There’s a great collection of stuff about William James here, including the famous paper in which he introduced the concept of the ‘stream of consciousness’. That idea has been more influential in literature than psychology, perhaps, but James’ work enjoys tremendous respect among contemporary academics – much more than the works of some more recent thinkers whose ideas are tied to largely discredited theories.
Curiously, not all that many years after writing about the stream of consciousness, James produced a trenchant piece calling for the whole idea to be done away with. Consciousness, he wrote “is the name of a nonentity… a mere echo, the faint rumor left behind by the disappearing ‘soul’ upon the air of philosophy”.
A century later, this still sounds a perplexingly radical stance. James himself rather wearily observed that his view would take a good deal of explanation to make it plausible, something he did not feel he had achieved in a single paper. I think that’s pessimistic: the paper inevitably leaves a lot of metaphysical washing up to be done, but there’s nothing half-baked about the central point. The best way of grasping what James means is to take his point in a historical context, as the quotation above suggests.
Once, straightforward dualism was the unquestioned orthodoxy: there were physical objects and spiritual objects and a great gulf lay between the two. Souls basically did the perceiving and the physical world did the being-perceived. Over time, however, the gulf began to close and the two sides began to get closer. But although the prevailing orthodoxy became increasingly monist, a distinction was always maintained, eventually boiling down to the difference between subject and object: and that difference is, in a word, consciousness. Subjects possess this mysterious substance, objects do not.
James calls for a further step towards a purer monism. There is no substantial difference between subject and object, nor (this is a little more difficult to accept) between thoughts and things. It is all a matter of functional relationships. He offers the analogy of paint: when it’s in a tin, paint is clearly just a saleable commodity; when it’s on canvas as part of a painting, it represents things, it has meaning, and all the rest. But it’s still paint: it hasn’t become spooky magic meaning paint; it hasn’t been endowed with the miraculous stuff of subjectivity. It’s still paint. The only difference is that on the canvas it now stands in certain relationships to certain things (objects represented, people) which it didn’t while it was still in the tin.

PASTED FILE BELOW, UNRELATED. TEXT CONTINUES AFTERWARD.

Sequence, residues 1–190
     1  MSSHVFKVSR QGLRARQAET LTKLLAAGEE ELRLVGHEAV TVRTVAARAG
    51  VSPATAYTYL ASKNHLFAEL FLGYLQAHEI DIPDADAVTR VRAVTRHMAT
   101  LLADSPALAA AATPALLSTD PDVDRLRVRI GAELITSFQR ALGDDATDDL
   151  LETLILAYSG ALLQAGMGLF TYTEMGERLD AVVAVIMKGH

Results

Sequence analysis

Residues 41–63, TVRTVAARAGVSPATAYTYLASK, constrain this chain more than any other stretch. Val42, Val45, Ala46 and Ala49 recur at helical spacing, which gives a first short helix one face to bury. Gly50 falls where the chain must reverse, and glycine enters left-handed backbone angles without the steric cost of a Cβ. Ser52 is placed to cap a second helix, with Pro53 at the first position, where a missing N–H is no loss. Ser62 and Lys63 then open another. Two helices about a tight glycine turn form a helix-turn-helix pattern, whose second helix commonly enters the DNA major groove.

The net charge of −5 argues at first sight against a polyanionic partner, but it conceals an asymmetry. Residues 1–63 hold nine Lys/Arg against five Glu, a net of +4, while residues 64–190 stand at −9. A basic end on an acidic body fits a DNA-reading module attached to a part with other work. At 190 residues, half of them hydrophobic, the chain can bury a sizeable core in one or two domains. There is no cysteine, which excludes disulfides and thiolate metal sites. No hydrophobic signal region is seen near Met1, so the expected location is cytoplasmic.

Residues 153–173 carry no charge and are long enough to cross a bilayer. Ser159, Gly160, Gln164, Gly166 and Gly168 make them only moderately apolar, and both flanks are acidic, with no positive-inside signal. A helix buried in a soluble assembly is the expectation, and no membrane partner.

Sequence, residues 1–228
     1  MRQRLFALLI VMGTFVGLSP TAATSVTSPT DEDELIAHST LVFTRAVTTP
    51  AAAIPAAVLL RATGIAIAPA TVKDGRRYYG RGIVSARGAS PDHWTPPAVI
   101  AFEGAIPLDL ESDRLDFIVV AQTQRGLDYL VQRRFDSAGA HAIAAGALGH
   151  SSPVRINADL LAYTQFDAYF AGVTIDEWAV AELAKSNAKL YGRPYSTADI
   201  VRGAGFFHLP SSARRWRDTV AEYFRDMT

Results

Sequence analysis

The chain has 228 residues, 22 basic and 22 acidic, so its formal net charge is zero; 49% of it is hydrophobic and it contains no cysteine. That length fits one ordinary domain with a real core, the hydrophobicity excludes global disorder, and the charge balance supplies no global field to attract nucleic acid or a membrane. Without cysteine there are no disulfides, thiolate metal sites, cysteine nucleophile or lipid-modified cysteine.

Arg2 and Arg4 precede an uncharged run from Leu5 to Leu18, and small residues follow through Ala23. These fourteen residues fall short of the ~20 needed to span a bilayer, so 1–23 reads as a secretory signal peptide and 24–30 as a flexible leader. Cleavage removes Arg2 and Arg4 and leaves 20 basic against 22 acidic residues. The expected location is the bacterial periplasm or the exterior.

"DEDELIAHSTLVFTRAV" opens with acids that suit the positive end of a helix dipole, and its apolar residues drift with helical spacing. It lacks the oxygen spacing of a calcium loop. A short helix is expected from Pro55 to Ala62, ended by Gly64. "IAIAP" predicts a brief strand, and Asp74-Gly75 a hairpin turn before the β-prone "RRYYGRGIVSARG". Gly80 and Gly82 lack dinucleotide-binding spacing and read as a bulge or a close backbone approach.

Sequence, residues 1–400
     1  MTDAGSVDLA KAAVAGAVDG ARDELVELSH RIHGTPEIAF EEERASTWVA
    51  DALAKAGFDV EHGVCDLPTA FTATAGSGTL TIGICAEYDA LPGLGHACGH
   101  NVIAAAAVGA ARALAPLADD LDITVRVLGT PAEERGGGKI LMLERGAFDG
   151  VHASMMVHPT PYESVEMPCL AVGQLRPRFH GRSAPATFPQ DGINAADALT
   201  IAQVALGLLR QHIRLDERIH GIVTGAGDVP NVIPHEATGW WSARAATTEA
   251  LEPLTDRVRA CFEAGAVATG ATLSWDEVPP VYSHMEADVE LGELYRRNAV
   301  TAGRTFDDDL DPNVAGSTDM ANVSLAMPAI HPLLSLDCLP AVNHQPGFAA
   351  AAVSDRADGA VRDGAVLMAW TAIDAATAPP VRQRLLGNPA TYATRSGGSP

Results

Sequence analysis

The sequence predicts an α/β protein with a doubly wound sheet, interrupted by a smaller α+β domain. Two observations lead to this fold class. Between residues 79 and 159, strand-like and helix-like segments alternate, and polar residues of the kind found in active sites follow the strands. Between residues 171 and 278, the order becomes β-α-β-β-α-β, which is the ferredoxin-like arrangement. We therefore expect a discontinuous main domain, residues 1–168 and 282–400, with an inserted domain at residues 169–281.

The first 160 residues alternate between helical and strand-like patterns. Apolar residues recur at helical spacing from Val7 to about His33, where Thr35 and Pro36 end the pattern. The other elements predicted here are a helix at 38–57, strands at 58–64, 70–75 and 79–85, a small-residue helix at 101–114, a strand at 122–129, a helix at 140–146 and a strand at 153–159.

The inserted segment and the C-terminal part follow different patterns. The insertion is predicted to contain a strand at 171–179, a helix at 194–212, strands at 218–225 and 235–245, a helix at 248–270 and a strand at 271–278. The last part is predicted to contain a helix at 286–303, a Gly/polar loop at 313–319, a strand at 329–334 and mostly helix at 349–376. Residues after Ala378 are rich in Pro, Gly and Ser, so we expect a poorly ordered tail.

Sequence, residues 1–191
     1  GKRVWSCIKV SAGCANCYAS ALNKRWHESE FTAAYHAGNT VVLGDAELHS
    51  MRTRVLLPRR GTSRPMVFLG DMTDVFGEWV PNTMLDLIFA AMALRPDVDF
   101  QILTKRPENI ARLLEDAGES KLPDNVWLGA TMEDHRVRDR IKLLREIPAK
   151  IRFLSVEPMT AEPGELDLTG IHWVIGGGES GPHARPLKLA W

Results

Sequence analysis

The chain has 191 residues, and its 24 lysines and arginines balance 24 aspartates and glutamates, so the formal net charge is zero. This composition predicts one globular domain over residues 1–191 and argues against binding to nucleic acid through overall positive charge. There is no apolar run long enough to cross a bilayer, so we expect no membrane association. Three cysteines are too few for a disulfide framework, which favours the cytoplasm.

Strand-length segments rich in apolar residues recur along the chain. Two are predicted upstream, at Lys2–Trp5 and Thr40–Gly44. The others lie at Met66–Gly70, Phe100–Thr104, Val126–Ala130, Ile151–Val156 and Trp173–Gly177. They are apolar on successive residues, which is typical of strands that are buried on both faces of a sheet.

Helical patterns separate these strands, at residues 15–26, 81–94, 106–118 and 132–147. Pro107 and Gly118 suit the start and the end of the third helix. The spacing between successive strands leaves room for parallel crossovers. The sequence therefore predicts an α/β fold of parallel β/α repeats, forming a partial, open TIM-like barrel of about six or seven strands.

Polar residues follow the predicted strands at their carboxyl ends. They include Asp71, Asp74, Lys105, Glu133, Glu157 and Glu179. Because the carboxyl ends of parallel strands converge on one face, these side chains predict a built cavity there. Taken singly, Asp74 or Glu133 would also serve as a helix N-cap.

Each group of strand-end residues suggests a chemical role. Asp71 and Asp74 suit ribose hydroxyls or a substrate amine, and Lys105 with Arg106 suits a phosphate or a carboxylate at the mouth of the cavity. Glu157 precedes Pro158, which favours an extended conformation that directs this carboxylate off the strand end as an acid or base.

Moreover, says James, so far as thoughts are concerned, aren’t imaginary objects fundamentally similar to real ones? People have difficulty in accepting that a fictional rose is really red, or a hallucinatory knife really sharp, but why? James isn’t arguing that imaginary objects are indistinguishable from real ones, but rather that they are distinguishable only through a difference in the relations between them: real knives cut real objects, while imaginary knives may or may not cut imaginary objects and don’t cut real ones at all. Real knives, we notice, have stable and predictable relations with other real objects – that’s what their reality amounts to, not a fundamental difference of substance.
Everything, it seems, reduces to experience, and in fact, if we reformulate our view of consciousness in those terms, it ceases to be problematic. So long as we recognise that it is a matter of relations within a monist world, we won’t get into trouble: let’s stop speaking of it as something in a world of its own.
I think that once you get over the initial strangeness of this view, it seems pretty logical. But I see two problems. The first is that James speaks as though the different relations between things in his accoung of the world were more or less arbitrary: as it happens, this thing has the relations which make it an idea or a subject, and these things haven’t. Surely it isn’t quite like that. Some of these things have qualities which enable them to enter into the required relations, and others don’t. A block of stone does not have the qualities needed to become a subject, still less a thought. On James’ account, much of the difficulty and many of the challenges arising from the issues of consciousness transfer to the task of describing what these qualities are: and one may legitimately suspect that the dualistic magic he has banished from his account is likely to pop up again in one form or another when that task is undertaken.
Second, I think there are basic problems in saying that imaginary things can be red or sharp in the same sense as real ones. What imaginary knives have is the property of being thought-of-as-sharp: but that’s clearly not the same as the property of being-sharp: real things can have the first in addition to, but distinct from, the second: in fact, they can have the property of being thought-of-as-sharp together with the property of not-really-being-sharp-at-all.
All the same, could it be true that we should do better to speak merely of experience, and stop talking about consciousness altogether?